lizard-care

How to Care for Your Desert Iguana

February 11, 2021

desert iguana

Description

Desert iguanas (Dipsosaurus dorsalis) are 16”-18”, diurnal, heavy-bodied lizards native to the deserts of the southwestern United States and northern Mexico. Desert iguanas generally have a gray to cream base color with darker gray pattern on their backs.  Some may also have yellow or reddish markings.

Desert iguanas are considered to be intermediate-level reptiles.

Housing

One desert iguana should be kept in no smaller than a 3’L x 2’W x 2’H enclosure. 

Desert iguanas need to be able to dig in their environment, so recommended substrates include a deep layer of natural sand and sandy soil. In addition to substrate, desert iguanas need places to hide and things to climb. Branches, cork bark, rocks, and live drought-tolerant plants can all be useful for these functions.

Although desert iguanas are arid animals, they still need moisture in their environment. Mist the substrate periodically to keep it moist enough for the desert iguana to be able to burrow successfully. You will also need to provide a small, shallow water dish.

Heating and Lighting

Desert iguanas require a high air temperature of 90-100°F, as well as a basking area with surface temperatures of at least 120°F. The air temperature in the remainder of the enclosure should be in the 90’sF during the day, and in the upper 60’s to low 70’s at night. Use a cluster of two high-wattage halogen flood bulbs on one side of the enclosure to create a high enough basking temperature.

You will also need a UVB lamp to keep your desert iguana healthy. Use a high-intensity T5 HO Zoo Med or Arcadia UVB bulb, half the length of the enclosure and mounted in a reflective fixture. The bulb must be replaced every 12 months to prevent decay.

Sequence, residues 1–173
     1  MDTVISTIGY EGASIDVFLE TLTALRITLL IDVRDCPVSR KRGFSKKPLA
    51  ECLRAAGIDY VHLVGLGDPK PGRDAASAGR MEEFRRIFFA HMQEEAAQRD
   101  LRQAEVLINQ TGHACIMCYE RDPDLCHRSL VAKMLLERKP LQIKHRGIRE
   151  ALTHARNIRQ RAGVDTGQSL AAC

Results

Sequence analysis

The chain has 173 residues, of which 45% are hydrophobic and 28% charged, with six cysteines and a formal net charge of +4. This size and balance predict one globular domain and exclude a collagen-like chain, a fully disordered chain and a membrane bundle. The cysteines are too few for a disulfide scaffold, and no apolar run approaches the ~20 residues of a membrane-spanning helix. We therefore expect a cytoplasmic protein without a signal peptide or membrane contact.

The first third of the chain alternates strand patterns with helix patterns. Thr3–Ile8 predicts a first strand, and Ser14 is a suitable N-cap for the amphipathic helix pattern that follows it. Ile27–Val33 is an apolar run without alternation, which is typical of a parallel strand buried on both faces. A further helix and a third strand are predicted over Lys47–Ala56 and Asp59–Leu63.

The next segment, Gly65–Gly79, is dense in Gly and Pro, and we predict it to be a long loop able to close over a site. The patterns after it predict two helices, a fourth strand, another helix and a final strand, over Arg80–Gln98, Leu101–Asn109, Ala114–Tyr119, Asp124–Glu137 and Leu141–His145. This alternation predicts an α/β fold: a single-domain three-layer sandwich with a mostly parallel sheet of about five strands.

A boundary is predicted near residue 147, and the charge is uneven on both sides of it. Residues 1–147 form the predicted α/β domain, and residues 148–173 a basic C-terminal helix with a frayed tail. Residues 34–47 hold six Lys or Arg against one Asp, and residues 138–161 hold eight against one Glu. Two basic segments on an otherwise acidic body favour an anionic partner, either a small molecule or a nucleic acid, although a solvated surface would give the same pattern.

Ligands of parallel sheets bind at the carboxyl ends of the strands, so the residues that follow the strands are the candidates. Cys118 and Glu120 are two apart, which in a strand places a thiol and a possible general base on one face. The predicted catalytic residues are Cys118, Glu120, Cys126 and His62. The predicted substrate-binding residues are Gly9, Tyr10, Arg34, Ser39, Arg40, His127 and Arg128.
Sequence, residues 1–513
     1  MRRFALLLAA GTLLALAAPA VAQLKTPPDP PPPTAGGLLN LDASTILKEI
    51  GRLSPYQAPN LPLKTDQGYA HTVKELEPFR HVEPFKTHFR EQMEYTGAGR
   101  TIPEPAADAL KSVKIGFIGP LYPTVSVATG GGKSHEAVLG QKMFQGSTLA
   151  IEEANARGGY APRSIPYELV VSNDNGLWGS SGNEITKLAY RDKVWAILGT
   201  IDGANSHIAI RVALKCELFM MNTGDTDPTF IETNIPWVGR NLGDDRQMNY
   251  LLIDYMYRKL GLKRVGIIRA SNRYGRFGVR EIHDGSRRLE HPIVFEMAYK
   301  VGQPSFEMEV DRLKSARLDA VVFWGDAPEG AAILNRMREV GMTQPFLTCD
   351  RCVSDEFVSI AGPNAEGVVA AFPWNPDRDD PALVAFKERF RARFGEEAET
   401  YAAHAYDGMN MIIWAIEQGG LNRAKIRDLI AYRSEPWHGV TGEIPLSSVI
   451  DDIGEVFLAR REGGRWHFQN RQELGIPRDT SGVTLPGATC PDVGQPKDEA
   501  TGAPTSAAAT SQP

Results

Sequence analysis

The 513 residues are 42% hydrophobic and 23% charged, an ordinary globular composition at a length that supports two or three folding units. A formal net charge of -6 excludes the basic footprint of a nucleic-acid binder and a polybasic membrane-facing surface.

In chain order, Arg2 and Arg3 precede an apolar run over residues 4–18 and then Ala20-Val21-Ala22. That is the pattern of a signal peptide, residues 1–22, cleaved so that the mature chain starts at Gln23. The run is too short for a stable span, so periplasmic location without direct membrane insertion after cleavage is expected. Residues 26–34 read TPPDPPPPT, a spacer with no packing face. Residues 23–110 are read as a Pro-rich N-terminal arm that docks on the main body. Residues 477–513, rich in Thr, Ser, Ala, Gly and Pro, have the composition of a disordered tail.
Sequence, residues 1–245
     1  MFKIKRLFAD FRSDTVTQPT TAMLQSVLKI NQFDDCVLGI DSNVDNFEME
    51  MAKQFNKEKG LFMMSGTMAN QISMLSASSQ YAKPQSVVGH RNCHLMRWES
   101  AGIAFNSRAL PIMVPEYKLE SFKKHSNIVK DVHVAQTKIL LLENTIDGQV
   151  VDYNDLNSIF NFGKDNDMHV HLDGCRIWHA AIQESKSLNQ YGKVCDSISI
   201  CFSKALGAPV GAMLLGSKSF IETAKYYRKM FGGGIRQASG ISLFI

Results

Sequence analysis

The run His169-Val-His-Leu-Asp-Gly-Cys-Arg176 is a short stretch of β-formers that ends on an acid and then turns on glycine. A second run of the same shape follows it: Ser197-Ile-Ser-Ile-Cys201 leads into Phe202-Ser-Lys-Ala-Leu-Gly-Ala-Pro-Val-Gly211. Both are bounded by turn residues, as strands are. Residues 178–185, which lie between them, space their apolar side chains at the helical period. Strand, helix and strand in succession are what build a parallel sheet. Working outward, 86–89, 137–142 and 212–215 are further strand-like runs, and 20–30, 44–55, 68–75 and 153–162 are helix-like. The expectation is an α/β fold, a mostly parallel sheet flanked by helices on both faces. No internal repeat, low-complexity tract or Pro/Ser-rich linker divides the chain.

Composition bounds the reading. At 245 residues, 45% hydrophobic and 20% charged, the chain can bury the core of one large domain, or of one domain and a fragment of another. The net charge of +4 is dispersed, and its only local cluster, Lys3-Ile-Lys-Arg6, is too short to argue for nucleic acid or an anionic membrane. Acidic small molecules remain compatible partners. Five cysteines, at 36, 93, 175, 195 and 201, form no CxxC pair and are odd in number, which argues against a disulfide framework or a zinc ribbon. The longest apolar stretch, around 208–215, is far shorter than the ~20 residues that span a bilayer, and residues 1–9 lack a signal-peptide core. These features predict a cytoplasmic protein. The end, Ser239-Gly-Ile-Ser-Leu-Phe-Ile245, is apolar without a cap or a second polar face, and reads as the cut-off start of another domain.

Food and Supplementation

Desert iguanas are herbivores, which means that their diet should consist primarily of healthy green leafy vegetables and other vegetables such as squash, peppers, green beans and flowers such as dandelions. Spinach, which binds calcium, should be provided only occasionally. Although lettuce generally doesn’t have much nutritional value, small amounts can be provided to increase moisture intake. Fruit is also appreciated but should only be used as a treat. 

Food should be light dusted with a calcium and multivitamin supplement like Repashy SuperVeggie.


*This care sheet contains only very basic information. If you are new to desert iguanas, please do additional research to obtain additional information from more detailed care sheets.


Image by Raymond Lehman from Pixabay 


Tags



Older Post Newer Post



Leave a comment

Please note, comments must be approved before they are published